Leicestershire waste no time

Leicestershire 681-7 dec Yorkshire 342 & 188 Leicestershire win by an innings and 151 runs
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Having outplayed the erstwhile Championship leaders from the start, Leicestershire finished the job quite ruthlessly on the old Park Avenue ground yesterday, wrapping up victory in a little over 70 minutes. They were so pleased they practically danced off the field in a back-slapping, high-fiving celebration.

Much of this joy exuded from James Whitaker, under whose leadership they look more competitive, more motivated even than under Nigel Briers, who did not do a bad job himself. It was a particularly special moment for Whitaker, who was born a short journey from here, in Skipton.

"The game against Yorkshire is always the one I look for first when the fixtures come out and to win here as we did is the proudest moment of my career in county cricket," he said.

He contributed substantially to it himself with his 218, the most productive innings of his career, which alongside Vince Wells' double hundred provided the bulk of Leicestershire's enormous total and left Yorkshire no more than the hope they might somehow scrape a draw.

There was still a slight possibility of that yesterday morning, especially after the recent exploits of their lower orders, who have given the Yorkshire card an upside-down look in the last couple of matches. In the first innings here, Darren Gough made a nice half-century to go with his maiden hundred against Warwickshire in the last round, and Richard Stemp also reached 50, for the second time this summer.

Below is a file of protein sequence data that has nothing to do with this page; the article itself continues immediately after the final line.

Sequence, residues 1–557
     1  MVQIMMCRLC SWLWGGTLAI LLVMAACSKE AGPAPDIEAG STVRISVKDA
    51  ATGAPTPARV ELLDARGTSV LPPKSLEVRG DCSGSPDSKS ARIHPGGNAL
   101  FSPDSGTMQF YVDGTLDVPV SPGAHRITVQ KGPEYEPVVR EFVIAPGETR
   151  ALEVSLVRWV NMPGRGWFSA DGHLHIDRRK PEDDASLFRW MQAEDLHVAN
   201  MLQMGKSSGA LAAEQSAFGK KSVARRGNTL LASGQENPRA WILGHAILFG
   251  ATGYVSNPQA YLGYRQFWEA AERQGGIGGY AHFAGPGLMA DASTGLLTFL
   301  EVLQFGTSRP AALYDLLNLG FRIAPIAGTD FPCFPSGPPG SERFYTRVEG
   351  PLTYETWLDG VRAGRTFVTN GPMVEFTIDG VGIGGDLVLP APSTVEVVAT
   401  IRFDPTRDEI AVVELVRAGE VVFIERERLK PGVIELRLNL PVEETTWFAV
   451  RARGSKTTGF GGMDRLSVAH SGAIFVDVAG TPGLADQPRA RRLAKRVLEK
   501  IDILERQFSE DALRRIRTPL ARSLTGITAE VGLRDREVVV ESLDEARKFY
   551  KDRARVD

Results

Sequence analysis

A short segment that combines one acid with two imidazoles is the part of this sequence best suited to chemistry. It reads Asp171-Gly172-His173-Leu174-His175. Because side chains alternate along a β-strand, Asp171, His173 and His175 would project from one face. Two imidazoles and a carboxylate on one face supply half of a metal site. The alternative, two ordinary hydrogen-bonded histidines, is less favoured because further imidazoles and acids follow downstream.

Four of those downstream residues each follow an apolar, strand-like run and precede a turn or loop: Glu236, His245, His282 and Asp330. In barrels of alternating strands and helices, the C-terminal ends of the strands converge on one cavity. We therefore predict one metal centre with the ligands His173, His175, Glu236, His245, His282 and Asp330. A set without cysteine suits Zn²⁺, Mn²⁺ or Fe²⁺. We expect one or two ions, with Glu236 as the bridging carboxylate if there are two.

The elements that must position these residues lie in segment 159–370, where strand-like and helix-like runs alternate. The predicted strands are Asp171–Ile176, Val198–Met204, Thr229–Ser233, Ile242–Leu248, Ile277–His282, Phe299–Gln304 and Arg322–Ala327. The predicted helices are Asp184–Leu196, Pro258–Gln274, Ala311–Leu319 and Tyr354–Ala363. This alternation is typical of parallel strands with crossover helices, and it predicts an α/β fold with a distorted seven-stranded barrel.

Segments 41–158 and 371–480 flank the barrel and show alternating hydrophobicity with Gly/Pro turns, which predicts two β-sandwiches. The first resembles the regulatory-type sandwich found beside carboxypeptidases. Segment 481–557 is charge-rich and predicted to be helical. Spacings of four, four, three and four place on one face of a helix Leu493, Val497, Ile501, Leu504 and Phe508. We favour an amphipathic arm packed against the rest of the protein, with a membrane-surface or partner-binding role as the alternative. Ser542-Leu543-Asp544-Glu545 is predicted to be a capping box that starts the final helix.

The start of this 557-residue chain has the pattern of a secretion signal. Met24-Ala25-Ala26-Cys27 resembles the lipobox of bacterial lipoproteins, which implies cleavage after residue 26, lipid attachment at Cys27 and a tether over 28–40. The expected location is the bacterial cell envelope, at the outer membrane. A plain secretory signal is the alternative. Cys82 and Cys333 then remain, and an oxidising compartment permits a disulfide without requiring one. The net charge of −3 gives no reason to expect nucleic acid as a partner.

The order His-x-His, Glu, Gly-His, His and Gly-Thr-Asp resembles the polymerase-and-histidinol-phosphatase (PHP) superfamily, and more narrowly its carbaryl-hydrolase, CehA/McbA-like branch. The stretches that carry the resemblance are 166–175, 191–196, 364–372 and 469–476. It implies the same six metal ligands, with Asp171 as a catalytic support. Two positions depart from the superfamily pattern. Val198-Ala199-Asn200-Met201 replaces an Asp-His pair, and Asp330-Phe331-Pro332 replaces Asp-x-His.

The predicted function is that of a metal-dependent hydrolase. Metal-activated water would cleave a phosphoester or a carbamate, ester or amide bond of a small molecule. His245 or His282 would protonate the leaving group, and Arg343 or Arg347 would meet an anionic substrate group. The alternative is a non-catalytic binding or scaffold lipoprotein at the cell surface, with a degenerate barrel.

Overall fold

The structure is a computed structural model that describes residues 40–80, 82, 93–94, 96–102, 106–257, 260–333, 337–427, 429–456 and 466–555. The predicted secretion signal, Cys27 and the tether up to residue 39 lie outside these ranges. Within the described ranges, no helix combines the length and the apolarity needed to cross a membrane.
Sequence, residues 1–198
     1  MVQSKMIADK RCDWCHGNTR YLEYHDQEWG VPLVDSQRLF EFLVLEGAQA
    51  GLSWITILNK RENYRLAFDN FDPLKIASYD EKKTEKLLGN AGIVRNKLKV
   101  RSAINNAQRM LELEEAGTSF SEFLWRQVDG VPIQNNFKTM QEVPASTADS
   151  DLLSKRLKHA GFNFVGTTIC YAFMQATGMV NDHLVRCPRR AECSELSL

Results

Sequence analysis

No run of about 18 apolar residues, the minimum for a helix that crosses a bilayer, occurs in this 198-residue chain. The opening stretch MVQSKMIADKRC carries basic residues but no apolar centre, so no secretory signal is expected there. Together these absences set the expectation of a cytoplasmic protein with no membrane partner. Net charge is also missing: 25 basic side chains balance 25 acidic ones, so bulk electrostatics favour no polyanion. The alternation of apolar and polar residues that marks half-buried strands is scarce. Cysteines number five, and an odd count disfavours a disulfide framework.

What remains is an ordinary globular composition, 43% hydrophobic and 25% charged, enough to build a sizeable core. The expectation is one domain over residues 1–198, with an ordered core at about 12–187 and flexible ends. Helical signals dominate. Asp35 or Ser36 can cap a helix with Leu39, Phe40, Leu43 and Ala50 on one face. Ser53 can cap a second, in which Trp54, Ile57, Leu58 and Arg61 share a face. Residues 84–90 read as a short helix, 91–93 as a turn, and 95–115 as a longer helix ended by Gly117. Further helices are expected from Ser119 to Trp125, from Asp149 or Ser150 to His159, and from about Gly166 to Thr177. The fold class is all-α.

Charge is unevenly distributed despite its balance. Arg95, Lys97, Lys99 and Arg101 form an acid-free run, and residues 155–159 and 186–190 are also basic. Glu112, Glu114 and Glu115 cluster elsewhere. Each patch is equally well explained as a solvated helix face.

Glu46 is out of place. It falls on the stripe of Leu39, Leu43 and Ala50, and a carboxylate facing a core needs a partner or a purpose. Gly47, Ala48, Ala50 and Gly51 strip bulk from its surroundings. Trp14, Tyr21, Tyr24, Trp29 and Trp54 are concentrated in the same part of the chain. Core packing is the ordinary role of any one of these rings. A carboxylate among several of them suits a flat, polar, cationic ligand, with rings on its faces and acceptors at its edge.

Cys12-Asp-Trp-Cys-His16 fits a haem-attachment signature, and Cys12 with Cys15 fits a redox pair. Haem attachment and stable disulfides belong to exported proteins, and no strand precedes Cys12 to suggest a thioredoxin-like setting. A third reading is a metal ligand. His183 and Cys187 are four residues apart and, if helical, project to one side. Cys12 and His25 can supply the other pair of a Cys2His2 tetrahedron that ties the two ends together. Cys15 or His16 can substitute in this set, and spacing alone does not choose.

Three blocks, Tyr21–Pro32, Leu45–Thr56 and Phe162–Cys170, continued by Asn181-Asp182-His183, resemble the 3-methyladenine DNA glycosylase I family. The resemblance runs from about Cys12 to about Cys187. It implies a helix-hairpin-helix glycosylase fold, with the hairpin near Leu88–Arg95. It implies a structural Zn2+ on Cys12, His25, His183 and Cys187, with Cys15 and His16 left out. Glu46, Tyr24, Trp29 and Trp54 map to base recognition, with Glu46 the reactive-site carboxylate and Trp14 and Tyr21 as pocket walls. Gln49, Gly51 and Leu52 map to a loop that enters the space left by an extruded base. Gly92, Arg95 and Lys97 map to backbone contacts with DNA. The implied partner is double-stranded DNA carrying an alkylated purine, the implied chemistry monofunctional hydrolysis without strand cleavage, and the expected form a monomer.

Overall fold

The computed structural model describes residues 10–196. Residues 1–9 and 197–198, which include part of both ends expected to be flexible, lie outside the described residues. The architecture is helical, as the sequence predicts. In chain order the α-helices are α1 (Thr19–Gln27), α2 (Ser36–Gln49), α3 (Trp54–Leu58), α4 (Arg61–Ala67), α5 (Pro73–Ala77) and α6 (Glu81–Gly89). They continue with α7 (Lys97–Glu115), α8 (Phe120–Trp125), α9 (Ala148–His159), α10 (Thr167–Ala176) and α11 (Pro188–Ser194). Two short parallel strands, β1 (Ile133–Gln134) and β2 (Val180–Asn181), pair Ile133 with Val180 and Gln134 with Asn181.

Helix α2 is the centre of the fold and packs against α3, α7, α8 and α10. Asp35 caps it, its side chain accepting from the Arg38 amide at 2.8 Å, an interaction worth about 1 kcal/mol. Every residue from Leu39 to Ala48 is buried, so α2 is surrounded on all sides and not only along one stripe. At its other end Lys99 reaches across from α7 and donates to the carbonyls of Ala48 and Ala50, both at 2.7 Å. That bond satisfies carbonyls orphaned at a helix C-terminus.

But there was no wagging of the tail this time as the five remaining wickets disappeared for the addition of just, although in their defence the pitch was one that had always had something up its sleeve for the bowler.

Gordon Parsons saw off Craig White with lift and movement in his second over of the morning, quickly inducing Richard Blakey to nudge tentatively to second slip and then gaining an lbw verdict against an impatient Gough.

At that moment Parsons had 3 for 0 in 32 balls, during a spell in which he bowled 54 deliveries without conceding a run. He finished with 3 for 40.

His line was much straighter than David Millns, who was safely left alone for much of the time by Michael Bevan, who might have organised a more meaningful resistance had he had more adhesive partners.

His second scoring stroke, cut for four off Millns, made the Australian the first batsman in the country to pass 1,000 first-class runs for the season. But he was left high and dry on 65 as Millns at last located the target and bowled Peter Hartley and then Stemp in two deliveries.